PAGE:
Stockenström’s novel opens in the baobab tree within whose hollow trunk the protagonist has made her home. Alone in the wilderness after her final owner and fellow slaves perish on a failed trading expedition, she gropes around her new surroundings and her fragmented memory in search of a system of order to make sense of her existence. In a disordered jumble of flashbacks reflective of her slipping grasp of time, she recounts her capture, sale into slavery, life in the households of her three owners, and accompaniment of her final owner on a trade expedition. Her capture, she remembers, was swallowed up in the realm of history, her scream “a vain scream of fear. It was a small commotion in a wide forest. It drew no more attention than the noise of a troop of apes. After the interruption the birds went on twittering.” Her removal from her family and home (memories notably absent in the novel) and the subsequent theft of her language and culture precipitate the eclipse of her identity, past and future. This final scream as a free person reverberates in the disorienting narrative that follows.
At her first owner’s home, the girl finds herself in a sort of Babel where her native language is lost in a mess of others. “From far and wide we came, we spoke a variety of tongues,” she says of herself and the other slaves. “But here we got along by mangling the natives’ language and turning it into our idiosyncratic workers’ language.” Particularly desirable because she was one of the few girls captured uncircumcised, she is kept close to her owners, a proximity that inundates her with their language and culture while alienating her from her people. “I turned my back on the damned,” she says. “I was the head slave girl of the richest man here. I had more power than many a wife.” She becomes well-versed in the language of domination; instead of identifying people by name, she categorizes then within the hierarchy of master and slave, owner and property. Recognizing the value of her beauty, she develops a facility with the language of her captors, manipulating it improve her status.
“I was becoming possessed with myself…It was almost as if I were learning to talk…I learned to make my voice dove-sweet when the conversation became pointed and too many quick remarks, like slim arrowheads, were being shot of all together. I learned to laugh with abandon. Above all I learned to find pleasure in how to look desirable and in the power it was obviously supposed I could exercise to my own advantage in my benefactor owner’s room.”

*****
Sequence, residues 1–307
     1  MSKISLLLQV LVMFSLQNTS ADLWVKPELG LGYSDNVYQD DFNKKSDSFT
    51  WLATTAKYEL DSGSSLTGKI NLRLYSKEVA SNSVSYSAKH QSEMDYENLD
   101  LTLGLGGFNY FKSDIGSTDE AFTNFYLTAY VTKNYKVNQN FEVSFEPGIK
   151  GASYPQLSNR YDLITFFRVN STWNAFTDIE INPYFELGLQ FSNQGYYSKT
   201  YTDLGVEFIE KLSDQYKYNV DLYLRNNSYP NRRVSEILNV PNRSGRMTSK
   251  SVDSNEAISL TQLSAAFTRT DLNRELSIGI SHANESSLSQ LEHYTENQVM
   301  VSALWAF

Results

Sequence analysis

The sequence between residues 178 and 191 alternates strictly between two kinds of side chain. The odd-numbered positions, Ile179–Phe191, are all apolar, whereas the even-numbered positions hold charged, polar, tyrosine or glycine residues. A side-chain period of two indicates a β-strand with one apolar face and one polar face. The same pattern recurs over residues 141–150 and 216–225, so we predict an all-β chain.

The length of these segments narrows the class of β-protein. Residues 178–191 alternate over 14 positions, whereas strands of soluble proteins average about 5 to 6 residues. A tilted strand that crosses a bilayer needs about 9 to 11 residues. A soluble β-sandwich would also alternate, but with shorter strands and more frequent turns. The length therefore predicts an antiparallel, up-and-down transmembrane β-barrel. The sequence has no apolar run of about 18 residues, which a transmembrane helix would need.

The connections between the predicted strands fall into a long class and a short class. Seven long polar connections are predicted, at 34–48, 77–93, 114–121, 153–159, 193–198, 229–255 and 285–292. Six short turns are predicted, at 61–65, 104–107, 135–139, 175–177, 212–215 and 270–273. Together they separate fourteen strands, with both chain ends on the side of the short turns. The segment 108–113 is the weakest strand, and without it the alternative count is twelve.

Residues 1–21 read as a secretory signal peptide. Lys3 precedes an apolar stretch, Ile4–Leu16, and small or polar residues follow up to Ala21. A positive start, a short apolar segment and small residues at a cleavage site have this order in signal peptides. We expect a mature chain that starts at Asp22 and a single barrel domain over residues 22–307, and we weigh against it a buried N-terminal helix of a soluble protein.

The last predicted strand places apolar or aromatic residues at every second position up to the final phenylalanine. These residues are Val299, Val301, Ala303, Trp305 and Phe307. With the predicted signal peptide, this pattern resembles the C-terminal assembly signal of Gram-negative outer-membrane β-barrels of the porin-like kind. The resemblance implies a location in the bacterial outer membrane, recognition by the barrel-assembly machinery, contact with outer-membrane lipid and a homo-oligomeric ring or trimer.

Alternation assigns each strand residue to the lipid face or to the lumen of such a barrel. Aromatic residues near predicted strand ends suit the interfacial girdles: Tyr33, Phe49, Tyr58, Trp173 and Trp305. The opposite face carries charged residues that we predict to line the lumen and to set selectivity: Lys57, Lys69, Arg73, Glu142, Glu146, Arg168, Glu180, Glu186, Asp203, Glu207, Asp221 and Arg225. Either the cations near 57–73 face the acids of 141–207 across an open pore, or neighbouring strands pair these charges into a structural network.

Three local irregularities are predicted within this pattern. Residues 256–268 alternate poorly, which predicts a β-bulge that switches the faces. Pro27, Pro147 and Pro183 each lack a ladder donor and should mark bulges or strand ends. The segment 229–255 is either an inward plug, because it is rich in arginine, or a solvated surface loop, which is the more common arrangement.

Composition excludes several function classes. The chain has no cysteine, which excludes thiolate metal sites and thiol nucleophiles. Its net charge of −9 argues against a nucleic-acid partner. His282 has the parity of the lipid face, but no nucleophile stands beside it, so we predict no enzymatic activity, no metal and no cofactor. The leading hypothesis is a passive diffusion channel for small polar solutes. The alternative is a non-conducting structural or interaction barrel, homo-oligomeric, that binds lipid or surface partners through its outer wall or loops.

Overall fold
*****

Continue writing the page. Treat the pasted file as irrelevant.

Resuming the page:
While empowering in that her ability to manipulate the language of her enslavers undermines their complete domination over her, this new self-possession affirms her objectification and alienates her further from the other slaves and from herself. Even as she “laughs with abandon”, she cannot shake off the falseness of her behavior and the oppressiveness of being labeled as property. She visits a “bosom buddy” with whom she shared a similar story of capture: “I arrived in my splendid silk robe and my new quick way of talking, my precious manners, and there I stood awkward with embarrassment, confined within my affectations.”
The theft of her children proves to be a fatal blow to her identity. When her first child is born, her scream recalls that of her capture, an unrecognizable language of a fading self: “No one could or would tell me to whom I called when the child’s skull made its appearance out of me. It was a scream back to my place of birth. There it echoed. There it echoes.” When her baby is sold to a different owner, the scream becomes internal, her voice silenced: “If I could cut open my belly, draw out my guts. I looked for a knife. If I could spit myself out of myself. My heart froze.” Later, she imagines an encounter with her children, wondering if she would recognize in them some part of the self that had been stolen from her: “Would I immediately feel a glow of recognition course through me, and yearn to press him to me, meticulous identification having been rendered unnecessary by a bittersweet knowledge within me, a source of certainty warmer than the sun, like mothers are supposed to have?” she wonders. This hypothetical meeting, of course, never comes to pass and her will to live is extinguished along with her chance to be a mother. Bereft of her roots, her language, her identity and her future, she sees herself as an aimless wanderer through a life with no purpose. “For me there was no continuation, no links backwards or forwards,” she says. “There was coming and ending, a finality as if darkness were made abiding. If it had been death, I would have had certainty. Now I did not know.”